As for subscriptions, the survey reinforces some things we already know: Older people are more likely to pay for news. According to Pew, people over 50 were almost twice as likely as those under 50 to have a print-only subscription. The 50-plus crowd were also more likely to have a print/digital combo: 20 percent of those surveyed said they have bundled subscriptions, compared to only 12 percent of people under 50. A minor bright spot? People under 50 were more likely to go digital only — but only 9 percent said they had digital subscriptions, compared to 8 percent of those over 50.

A sign that may not bode well for the idea of young people’s habits changing in a pro-news direction:

The survey also asked whether the tablet is mostly replacing news that consumers would have gotten elsewhere or is adding to the overall amount of news consumed. Again, one might expect the younger generation, whose news habits are still developing, to be adding to its news consumption more so than older generations. Actually, the reverse is true. Fully 61% of those 65 and older say the news they get on their tablet is adding to their news consumption compared with less than 45% for all other age groups.

There was an area of agreement across all age groups in the report on the reading experience and design of tablet apps. The survey found that both people over 40 and under 40 preferred a “print-like” experience rather than a more interactive layout. (Interesting data in the final week of The Daily’s existence.)

Similar to previous surveys from Pew, readers said they preferred reading on mobile browsers to native apps. But there was good news for fans of native apps as well.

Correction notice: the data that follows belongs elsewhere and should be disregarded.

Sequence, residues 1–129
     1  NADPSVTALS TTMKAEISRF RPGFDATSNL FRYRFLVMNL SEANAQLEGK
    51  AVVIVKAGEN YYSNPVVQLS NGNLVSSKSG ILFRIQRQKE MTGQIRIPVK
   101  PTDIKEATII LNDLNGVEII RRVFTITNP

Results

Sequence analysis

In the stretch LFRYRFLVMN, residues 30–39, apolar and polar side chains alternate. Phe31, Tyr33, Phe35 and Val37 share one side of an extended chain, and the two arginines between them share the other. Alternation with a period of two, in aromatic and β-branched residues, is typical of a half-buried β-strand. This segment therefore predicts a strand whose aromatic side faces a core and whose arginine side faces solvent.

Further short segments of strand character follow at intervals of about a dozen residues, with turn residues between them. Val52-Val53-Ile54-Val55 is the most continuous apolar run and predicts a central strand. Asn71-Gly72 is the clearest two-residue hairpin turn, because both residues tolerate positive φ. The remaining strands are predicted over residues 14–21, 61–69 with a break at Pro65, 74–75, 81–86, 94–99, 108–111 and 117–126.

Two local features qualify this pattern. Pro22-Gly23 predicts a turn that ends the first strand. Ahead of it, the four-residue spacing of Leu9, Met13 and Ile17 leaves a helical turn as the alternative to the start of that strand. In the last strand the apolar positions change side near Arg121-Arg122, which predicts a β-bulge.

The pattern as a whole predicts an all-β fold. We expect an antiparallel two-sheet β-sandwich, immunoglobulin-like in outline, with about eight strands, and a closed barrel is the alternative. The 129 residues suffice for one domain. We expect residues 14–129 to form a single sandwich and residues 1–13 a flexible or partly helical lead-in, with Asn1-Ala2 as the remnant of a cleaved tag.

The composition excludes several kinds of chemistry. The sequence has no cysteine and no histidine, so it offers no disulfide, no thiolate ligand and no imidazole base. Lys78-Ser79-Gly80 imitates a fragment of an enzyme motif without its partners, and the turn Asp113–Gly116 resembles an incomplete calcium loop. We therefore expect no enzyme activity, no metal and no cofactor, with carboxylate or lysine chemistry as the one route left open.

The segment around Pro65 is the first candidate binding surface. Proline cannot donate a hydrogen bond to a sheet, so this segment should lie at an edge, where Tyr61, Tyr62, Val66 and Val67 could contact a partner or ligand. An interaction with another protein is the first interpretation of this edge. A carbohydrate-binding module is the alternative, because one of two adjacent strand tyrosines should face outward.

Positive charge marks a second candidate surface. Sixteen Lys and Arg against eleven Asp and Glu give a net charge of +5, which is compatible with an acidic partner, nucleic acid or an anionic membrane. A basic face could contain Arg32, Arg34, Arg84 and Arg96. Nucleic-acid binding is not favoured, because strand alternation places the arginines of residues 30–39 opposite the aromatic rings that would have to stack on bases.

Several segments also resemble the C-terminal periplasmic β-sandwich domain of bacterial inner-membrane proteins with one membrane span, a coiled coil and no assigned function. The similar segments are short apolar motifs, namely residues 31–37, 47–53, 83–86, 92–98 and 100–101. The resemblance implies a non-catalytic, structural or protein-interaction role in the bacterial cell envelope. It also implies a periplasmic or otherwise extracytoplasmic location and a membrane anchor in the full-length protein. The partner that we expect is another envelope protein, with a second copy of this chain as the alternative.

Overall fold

Roughly 60% of tablet news users and smartphone news users mostly use the browser for news while about a quarter mostly use apps (the rest use a mix). But, the survey also found that app users tend to be more active mobile news consumers, carrying special appeal for news organizations.

Finally, as in other surveys, Pew found that iPad owners engaged with their devices at a significantly higher rate than owners of Android tablets did. Those with iPads were more likely to use their devices multiple times per day (54 percent to 33 percent for Android) and to use them to consume news daily (48 percent vs. 35 percent).

Image from Steve Rhodes used under a Creative Commons license.

                                   
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Mark Coddington    July 18, 2014
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  • http://www.facebook.com/people/Anna-Solberg/100000547114672 Anna Solberg

    People with higher education has been more engaged in news as long as there has been people on the planet. 

  • http://twitter.com/southemer Mike Smith

    Hi, I am really interested in this topic. My son is definitely taking news from all sources and everywhere; and either online or from his smart phone. Our company has just published a book The Last Newspaper in the World – it is fiction but is it possible? One of my closest friends is retiring from a community newspaper next month; forced out by overloaded commitments required by the publishers…http://www.amazon.com/The-Last-Newspaper-World-ebook/dp/B00AK3LX6C/ref=sr_1_1?ie=UTF8&qid=1355636017&sr=8-1&keywords=the+last+newspaper+in+the+world